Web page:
Russia’s Camp: From the time in which Bill Clinton and Zionist neocons (Madelaine Albright [State], Willian Cohen [Defense], Samuel Berger [National Security Advisor] took control of U.S. foreign policy until its intervention in Ukraine, Russia—despite its conversion to capitalism—has gradually but convincingly reached the ineluctable conclusion that its own existence is constantly threatened. With its decision to take action in Donbass, Russia has crossed the Rubicon without looking back. It launched a daring challenge against the fascist-tyrannical world order imposed by the United States.

With that challenge, Russia transformed itself from protector of ethnic Russians in Donbass to a powerful forerunner in the resistance against U.S. stranglehold on the world. Yet, judging from the myriad statements that Putin, Medvedev, and Lavrov have been making since after the intervention, said transformation appears to be evolutionary rather than planned. That is, although Russia has been criticizing U.S. bent on absolutist domination long before its entry in Ukraine, that entry was not enacted with the slogan to terminate U.S. unipolarism in Ukraine and the world. The successive bold statements denouncing and prospecting the end of U.S. world order came about gradually as Russia realized that the entire Western system of nations was aligned behind the U.S. hegemon.

To close, Russia of Putin is not an anti-imperialist state. From my readings, Russian political lexicon of the past 34 years never spoke of or referred to imperialism as an issue for Russia’s foreign policy. As a concept and term, it seems that the new Russia treated imperialism as a thing belonging to Leninist Soviet Russia, not new capitalistic Russia. Wrong. U.S. and European imperialisms never disappeared—they are well, alive, and super-fortified with rage and racism. The irony of it: after Russia’s intervention, U.S. mastodontic propaganda started depicting Russia as an imperialist state.

Now then, considering that all sanctions and threats against Russia have, so far, failed to achieve their objectives, then Russia’s ultimate purpose—focused on terminating U.S. hallucinations for permanent hegemony over the international system of nations—appears highly possible. The fact that many nations are now breaking free from using the dollar in their bilateral exchanges proves the unthinkable: capitalistic Russia is on the right path to rebuild the international order on equitable foundations.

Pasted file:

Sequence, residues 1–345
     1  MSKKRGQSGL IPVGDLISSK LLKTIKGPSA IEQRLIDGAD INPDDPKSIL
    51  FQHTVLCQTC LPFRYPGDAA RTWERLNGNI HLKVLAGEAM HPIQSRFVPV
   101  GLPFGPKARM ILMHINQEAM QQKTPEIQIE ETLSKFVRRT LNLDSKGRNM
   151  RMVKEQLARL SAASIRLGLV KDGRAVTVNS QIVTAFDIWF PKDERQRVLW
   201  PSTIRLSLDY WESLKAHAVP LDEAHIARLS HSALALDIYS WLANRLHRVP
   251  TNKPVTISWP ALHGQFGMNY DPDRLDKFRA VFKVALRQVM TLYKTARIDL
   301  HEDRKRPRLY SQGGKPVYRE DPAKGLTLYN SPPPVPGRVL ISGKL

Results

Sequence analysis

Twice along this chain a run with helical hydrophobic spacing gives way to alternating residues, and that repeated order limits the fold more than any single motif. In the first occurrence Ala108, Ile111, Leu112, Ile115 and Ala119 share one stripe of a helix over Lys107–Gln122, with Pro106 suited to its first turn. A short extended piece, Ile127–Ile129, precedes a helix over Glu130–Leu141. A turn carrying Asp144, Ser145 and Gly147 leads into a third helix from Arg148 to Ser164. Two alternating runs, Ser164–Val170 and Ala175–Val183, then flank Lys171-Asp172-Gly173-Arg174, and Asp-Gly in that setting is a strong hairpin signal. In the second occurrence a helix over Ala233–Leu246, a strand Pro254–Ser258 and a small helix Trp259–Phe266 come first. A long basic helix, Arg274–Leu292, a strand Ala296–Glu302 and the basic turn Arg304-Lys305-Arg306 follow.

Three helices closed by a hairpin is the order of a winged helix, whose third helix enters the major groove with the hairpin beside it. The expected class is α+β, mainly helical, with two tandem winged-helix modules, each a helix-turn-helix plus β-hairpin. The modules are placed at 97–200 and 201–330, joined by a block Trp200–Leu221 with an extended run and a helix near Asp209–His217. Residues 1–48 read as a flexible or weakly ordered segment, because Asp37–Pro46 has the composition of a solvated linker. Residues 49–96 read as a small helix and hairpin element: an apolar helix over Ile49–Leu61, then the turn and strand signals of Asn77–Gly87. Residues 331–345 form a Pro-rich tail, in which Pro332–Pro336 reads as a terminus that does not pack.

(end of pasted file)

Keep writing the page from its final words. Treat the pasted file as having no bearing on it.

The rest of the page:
America’s Camp: The United States has always been a static superpower that thrives on the status quo. When confronted with resolute countries that it cannot bomb, it remedies by repeating tricks that no longer work. In the case of Russia, it tried to replay the card it played on the Iraq of Saddam Hussein—with the complicity of failed Soviet leader Mikhail Gorbachev and traitorous Arab rulers. Sanctions, seizing of assets, name-calling, lies, instigation, congressional resolutions, mobilizing NATO, use of the UN, ruses of all sorts, and threats of war are just a few outmoded means of pressure that worked against Iraq, but cannot work against today’s Russia. In short, the shrewd American illusionist has run out of tricks.

The show of anti-Russian reactions is not confined to the imperialist camp. Surprisingly, some peace and antiwar activists in the West has joined in the violent bashing of Russia. But if Russia, China, and other counties are for an equitable international system that a) respects all nations and their right for self-determination, and b) is applicable to all equally, then how do we explain all those anti-Russian attacks coming from self-designating peace and antiwar activists?

Agreed, Russian forces crossed onto the Donbass province of Ukraine. Now, if Washington’s hypocrites consider Russia’s act criminal and contrary to their “rule-based international order”, then we have the right to ask if their repeated crossings into countless countries are innocent and abiding by that order. On this issue, can those who oppose Russia’s intervention explain by whose authority did the United States cross into Syria from U.S.-occupied Iraq? According to what article of the “international law” did the hyperpower settle its occupation force around Syria’s oil fields? Lastly, can they explain why is the United States working frenetically to partition Syria as it did Iraq? (Later in this series, I shall discuss the issue of war and antiwar)

What we need to do next is to establish a context for the Russian invasion of Ukraine and the reaction to it.

Next Part 3 of 16

B.J. Sabri is an independent political analyst with focus on the politics, mentalities, ideologies, and praxes of imperialism, neocolonialism, fascism, and Zionism. He can be reached at Read other articles by B.J..